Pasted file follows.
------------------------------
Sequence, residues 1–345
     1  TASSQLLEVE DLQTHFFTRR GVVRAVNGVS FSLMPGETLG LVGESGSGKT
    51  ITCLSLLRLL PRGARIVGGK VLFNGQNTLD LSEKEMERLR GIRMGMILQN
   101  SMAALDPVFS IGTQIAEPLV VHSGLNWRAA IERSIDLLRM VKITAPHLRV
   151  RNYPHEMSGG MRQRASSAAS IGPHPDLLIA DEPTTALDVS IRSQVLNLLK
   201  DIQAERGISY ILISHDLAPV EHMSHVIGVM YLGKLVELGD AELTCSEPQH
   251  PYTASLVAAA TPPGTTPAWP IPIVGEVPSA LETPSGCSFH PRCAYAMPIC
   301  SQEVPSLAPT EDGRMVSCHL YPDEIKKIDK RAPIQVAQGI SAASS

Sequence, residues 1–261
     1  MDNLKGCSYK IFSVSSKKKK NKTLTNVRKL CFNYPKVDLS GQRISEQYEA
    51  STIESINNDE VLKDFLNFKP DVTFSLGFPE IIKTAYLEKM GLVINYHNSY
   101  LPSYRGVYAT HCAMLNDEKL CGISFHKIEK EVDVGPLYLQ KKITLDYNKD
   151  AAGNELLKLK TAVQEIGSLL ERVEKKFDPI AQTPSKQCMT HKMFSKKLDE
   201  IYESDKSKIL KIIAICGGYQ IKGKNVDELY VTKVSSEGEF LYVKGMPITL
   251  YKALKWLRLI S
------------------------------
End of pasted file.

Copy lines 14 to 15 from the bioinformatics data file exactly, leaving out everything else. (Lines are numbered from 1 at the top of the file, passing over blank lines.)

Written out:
   201  IYESDKSKIL KIIAICGGYQ IKGKNVDELY VTKVSSEGEF LYVKGMPITL
   251  YKALKWLRLI S